Hong Kong shop owners are more likely to stand firm on asking prices, as they expect investors to flood the market after the city scrapped the double stamp duty for non-residential property, investors and property agents said.
Buyers are also willing to settle at higher price points since their total expense will still be lower than before the duty reverted to its original rates on November 26 last year, said Dennis Cheng Tak-ming, a senior sales director at Ricacorp (CIR) Properties.
The Double Ad Valorem Stamp Duty (DSD), introduced in February 2013 to curb speculation, was scrapped for non-residential property after prices dropped and transactions slowed during the coronavirus pandemic and Hong Kong’s worst economic recession on record. Its maximum rate has dropped back from 8.5 per cent to 4.25 per cent.
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December last year saw the sale of 1,529 non-residential units, a 30.6 per cent month-on-month rise from the 1,171 units that changed hands in November, according to Land Registry data. While the December data reflects market sentiment in November, Cheng said rumours about the double duty being axed that circulated weeks before the announcement had led to more transactions.
“Buyers will think – in the past, I had to pay 4.25 per cent more, or about HK$1 million [US$130,000], for a transaction of HK$40 million. But now, I’m willing to pay an extra HK$500,000 or HK$700,000 for the property,” Cheng said. “They will do this calculation now.”
Buyers will also be enthusiastic because a typical transaction takes four to six months to complete, and properties sold now will change hands in the second quarter of this year, just in time for a full economic recovery in early 2022, Cheng said. Owners are also using this opportunity to sell shops in less popular areas and to buy those in more profitable ones, and they were not afraid of selling cheap, he added.
Shop owners that stood firm on asking prices soon after the heavier tax was removed, softened their stance a bit after Hong Kong’s fourth wave of coronavirus infections struck a few days later, said Edwin Lee, chief executive of Bridgeway Prime Shop Fund Management and an active investor in shops.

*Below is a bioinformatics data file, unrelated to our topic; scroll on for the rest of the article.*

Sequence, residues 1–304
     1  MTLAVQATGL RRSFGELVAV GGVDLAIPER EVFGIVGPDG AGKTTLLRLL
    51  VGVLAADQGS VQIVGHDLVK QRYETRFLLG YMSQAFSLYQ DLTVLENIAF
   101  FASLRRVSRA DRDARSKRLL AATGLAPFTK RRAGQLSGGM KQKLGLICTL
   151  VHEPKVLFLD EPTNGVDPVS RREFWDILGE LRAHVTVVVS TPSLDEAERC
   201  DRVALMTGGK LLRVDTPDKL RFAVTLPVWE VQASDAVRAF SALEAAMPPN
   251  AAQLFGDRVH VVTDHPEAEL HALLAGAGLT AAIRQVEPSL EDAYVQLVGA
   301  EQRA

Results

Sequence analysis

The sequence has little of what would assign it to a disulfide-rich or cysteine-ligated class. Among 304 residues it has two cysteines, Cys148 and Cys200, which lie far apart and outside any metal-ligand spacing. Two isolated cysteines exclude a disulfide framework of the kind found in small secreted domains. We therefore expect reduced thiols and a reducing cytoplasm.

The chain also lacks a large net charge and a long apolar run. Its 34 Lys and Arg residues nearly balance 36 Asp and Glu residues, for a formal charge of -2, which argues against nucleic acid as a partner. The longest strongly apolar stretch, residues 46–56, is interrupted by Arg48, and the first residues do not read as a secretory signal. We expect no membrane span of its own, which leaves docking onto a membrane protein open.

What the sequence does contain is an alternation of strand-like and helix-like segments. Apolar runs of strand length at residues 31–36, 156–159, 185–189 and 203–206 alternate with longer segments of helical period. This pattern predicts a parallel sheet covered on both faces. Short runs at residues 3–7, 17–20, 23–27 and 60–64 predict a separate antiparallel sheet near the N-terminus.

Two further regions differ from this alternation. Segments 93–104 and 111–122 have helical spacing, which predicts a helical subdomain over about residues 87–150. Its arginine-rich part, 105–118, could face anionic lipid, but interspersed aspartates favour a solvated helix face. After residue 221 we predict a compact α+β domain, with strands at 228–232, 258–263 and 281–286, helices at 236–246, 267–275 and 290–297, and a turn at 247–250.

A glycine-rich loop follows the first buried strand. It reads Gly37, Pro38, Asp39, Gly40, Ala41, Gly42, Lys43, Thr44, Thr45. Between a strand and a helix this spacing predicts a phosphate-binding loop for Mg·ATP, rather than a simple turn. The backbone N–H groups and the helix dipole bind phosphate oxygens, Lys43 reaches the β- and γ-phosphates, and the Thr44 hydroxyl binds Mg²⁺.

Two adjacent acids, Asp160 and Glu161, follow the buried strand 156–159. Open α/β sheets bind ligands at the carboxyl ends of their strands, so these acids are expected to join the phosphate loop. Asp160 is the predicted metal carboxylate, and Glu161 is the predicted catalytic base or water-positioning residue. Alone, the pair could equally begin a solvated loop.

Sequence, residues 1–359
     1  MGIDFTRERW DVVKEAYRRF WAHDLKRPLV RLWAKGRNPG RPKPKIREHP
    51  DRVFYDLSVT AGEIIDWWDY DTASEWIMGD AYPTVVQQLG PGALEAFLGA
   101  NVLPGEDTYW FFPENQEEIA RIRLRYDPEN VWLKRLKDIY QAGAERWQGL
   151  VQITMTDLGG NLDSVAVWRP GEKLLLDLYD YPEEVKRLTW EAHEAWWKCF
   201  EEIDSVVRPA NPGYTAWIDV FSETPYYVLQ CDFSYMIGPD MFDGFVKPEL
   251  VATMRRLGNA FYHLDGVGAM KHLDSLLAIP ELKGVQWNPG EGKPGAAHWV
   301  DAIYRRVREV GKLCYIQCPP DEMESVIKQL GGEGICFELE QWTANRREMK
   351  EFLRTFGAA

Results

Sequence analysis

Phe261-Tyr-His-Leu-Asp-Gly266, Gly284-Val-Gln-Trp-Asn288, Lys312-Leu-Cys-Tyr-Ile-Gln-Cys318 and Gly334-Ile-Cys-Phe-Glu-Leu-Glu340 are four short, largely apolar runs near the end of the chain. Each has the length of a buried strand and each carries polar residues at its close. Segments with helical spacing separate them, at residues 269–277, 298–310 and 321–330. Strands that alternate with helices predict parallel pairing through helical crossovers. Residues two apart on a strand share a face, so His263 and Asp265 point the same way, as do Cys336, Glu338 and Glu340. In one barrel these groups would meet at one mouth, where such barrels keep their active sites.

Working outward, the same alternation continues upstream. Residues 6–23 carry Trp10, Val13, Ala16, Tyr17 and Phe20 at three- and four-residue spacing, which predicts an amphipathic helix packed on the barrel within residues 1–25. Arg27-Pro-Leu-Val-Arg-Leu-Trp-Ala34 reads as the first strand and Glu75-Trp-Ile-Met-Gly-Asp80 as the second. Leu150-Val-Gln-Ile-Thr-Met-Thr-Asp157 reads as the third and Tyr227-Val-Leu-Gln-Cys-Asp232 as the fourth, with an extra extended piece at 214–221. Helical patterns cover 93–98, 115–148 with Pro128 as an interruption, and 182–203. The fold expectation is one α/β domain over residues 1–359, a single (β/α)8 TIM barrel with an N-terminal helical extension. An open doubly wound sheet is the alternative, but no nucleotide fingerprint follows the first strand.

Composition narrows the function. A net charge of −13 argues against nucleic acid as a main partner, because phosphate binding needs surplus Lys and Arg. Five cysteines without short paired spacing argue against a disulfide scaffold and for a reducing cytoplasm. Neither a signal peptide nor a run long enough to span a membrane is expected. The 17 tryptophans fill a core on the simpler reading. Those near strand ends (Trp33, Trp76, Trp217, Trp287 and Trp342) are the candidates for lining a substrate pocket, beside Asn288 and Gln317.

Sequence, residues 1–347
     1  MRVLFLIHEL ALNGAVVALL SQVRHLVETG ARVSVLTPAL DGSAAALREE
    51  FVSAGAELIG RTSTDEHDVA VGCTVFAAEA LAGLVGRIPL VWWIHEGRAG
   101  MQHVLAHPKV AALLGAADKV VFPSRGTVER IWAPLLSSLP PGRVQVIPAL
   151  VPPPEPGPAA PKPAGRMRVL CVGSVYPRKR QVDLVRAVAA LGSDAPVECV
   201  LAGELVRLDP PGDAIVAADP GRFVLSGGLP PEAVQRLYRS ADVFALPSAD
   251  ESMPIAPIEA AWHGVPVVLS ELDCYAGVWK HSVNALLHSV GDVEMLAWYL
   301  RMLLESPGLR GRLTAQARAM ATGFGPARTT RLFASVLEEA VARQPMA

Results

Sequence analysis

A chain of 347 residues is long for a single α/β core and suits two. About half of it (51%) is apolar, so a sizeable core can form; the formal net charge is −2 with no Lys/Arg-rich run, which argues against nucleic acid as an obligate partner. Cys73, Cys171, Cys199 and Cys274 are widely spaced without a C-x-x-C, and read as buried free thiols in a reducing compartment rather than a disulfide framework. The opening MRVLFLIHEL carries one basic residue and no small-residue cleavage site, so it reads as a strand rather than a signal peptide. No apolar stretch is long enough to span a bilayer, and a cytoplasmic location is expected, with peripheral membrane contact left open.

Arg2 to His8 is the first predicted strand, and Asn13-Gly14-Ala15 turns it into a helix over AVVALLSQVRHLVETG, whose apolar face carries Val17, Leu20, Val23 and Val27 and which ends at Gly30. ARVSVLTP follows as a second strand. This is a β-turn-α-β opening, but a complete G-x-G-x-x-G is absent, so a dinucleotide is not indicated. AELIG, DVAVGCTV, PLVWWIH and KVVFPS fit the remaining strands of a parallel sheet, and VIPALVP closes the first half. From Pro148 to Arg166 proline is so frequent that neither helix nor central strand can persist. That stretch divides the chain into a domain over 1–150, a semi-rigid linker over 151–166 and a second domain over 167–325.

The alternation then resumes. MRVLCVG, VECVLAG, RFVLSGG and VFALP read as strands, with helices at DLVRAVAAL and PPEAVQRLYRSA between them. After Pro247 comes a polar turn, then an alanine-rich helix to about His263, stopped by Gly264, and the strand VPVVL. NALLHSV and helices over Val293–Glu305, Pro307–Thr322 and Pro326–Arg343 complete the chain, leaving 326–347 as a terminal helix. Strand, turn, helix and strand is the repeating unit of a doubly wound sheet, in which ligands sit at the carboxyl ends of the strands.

“In December, sellers got impatient and were willing to lower their prices. Buyers were also willing to settle at a higher price in light of the lower stamp duty. That’s why there were so many transactions,” he said. Transactions were completed more swiftly, with both parties willing to be more flexible, he added.
The scrapping of the double duty has mainly benefited smaller properties, because large sales are usually performed through the transfer of shares of companies that own these properties, said Oscar Chan Kwok-cheung, the head of capital markets at JLL Hong Kong.
Chan said he had seen 20 per cent more inquiries, but not a significant increase in transactions, as the measure was implemented not long ago, and December was a holiday month with Christmas and the New Year.
By contrast, the market for parking spaces has seen a boom in sales, especially motorcycle parking bays, and those valued at a few hundred thousand dollars, due to their room for appreciation, said Ricacorp’s Cheng.
More than 10 motorcycle parking bays at China Shipbuilding Tower were sold within days this month at about HK$250,000, according to Cheng and the Land Registry. “Even if the parking spaces only grow in value by HK$100,000, it’s very significant. It’s worth the risk, and they are easy to let out,” he said.
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